Home Alone for Christmas 2: Lost in the Metaverse

Header image for the article Home Alone for Christmas 2: Lost in the Metaverse Credit: IAN INDIANO
As we slowly watch our society becoming a dystopia we thought was only possible in science fiction, we wonder how this will affect our personal lives.

After more than one year where our traditional social rituals, such as Christmas and New Year’s Eve, were so deeply affected by this unprecedented pandemic, we all felt the vacuum that those social experiences leave when we’re not allowed to celebrate them. Arguably, the traditional side of those rituals only exist to justify some inherent necessity for social interaction. Christmas, for example, is an abstract construction; a celebration whose meaning has changed considerably over the years. But even in a post-pandemic world, those social interactions are still in danger.

As most of us know, Mark Zuckerberg (everyone’s favourite reptilian) has announced that his company, previously known as Facebook, is not only changing its name to Meta, but also openly focusing on bringing the “Metaverse” to life. The Metaverse is a virtual social environment like Second Life, only significantly more immersive. His announcement was received by the world with the kind of concern that already predicts his imminent success. The dangers of such technology are not difficult to imagine, but we also know we’ll be hooked in no time. As we slowly watch our society becoming a dystopia we thought was only possible in science fiction, we wonder how this will affect our personal lives.

The problem here is how we perceive what’s real and what’s virtual. The obvious issue with Metaverse is that this separation becomes increasingly blurred. However, we must understand that the way our society organizes itself is already based on a collection of virtual notions. The way we talk, the way we dress, our views on what is right or wrong, our traditions, what is sacred and what is profane — these are all abstract concepts. And those concepts, precisely because they are abstract, are extremely flexible, even though they might seem immutable.

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We fear that virtual reality will be able to reproduce our world so well that we’d rather live a virtual life instead of facing the material world, but this rabbit hole can go much deeper.

With virtual reality, we are not only reproducing a real experience in a virtual environment; instead of replicating the experience of the material world, virtual reality rewrites those experiences, not only presenting an alternative version, but also restructuring our perception of our material experiences.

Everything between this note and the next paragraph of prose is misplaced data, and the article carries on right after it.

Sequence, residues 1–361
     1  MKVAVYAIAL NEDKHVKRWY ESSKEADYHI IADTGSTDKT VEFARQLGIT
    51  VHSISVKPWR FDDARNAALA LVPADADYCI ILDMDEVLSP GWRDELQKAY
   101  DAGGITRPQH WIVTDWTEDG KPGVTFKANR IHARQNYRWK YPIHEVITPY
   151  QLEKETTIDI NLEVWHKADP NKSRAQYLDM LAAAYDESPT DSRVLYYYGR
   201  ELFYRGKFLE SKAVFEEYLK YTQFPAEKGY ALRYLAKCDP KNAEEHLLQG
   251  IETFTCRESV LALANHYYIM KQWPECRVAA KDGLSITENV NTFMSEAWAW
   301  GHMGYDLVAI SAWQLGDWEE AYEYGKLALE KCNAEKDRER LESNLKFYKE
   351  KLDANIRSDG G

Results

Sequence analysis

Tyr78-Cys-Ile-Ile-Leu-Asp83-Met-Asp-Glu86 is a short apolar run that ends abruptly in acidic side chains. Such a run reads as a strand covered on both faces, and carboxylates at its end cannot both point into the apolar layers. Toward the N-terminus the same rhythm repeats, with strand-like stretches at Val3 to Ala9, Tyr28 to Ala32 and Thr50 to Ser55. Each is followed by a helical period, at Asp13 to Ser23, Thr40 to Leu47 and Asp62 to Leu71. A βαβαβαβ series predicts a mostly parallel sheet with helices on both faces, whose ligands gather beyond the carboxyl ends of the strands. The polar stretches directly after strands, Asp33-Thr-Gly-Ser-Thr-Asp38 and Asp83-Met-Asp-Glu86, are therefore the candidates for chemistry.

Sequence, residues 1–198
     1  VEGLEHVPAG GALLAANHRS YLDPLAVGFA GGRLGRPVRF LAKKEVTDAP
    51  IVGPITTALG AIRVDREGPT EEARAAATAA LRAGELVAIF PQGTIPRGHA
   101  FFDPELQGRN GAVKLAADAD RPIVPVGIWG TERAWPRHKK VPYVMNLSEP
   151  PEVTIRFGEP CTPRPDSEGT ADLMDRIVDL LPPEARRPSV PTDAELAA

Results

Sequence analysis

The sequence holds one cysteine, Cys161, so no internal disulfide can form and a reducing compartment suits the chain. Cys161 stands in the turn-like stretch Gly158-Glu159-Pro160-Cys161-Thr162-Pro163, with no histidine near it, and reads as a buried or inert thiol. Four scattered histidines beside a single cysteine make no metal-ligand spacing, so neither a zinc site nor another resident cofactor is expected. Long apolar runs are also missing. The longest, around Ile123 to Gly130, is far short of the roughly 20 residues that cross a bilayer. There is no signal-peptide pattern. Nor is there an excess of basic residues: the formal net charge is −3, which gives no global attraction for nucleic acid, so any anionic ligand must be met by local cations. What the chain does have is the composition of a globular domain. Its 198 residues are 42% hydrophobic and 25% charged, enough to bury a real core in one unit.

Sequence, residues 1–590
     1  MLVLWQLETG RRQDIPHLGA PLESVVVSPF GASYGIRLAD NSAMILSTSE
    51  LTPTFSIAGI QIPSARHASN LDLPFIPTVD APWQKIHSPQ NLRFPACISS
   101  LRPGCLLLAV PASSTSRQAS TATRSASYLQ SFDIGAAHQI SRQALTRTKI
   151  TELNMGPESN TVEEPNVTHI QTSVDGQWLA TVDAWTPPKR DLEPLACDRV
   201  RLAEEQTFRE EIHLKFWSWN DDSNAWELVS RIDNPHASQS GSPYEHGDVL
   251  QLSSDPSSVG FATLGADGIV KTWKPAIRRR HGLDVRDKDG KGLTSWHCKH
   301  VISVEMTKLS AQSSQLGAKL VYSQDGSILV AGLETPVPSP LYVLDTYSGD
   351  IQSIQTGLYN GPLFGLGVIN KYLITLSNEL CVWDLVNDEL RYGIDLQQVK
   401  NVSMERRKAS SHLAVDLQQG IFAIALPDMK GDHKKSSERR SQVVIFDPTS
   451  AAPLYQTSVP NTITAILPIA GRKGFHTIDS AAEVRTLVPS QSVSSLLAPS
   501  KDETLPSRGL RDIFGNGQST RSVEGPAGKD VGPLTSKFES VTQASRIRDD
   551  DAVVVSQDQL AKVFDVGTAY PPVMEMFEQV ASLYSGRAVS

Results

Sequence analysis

But this is not a warning of something that might happen if we don’t do something about it. It is merely a description of a very plausible future. In his Metaverse presentation, Zuckerberg said that their plan is to evolve devices for accessing the Metaverse to a point where they are easily affordable. The same thing happened with smartphones. For example, mental health problems related to social media were not a thing before smartphones, but now that we have access to social media 24/7, we are able to fill any idle moment with a few hours of social media use.

Virtual reality presents us with a perfect version of the world, where we don’t need to deal with the bad side of things. Suddenly you don’t need to face the opinions of a distant uncle. You don’t need to eat the terrible meatloaf your mom bakes every year, which you eat only to bring a smile to her face. Even if the ritual only exists to perpetuate false notions of the world, the obligatoriness to show up forces you to deal with the reality of things. It forces you to face opinions you don’t agree with. It forces you to have an actual material experience.

We live in a world where technology cannot be stopped anymore, and things are changing faster and faster. I can’t help but feel a bit nostalgic for something that we haven’t lost yet. Andy Bernard from The Office once said, “I wish there was a way to know you were in the good old days before you actually left them.” I think he was right, and right now we are at the same time in the good old days and in the scary new days. So let’s enjoy it as we can.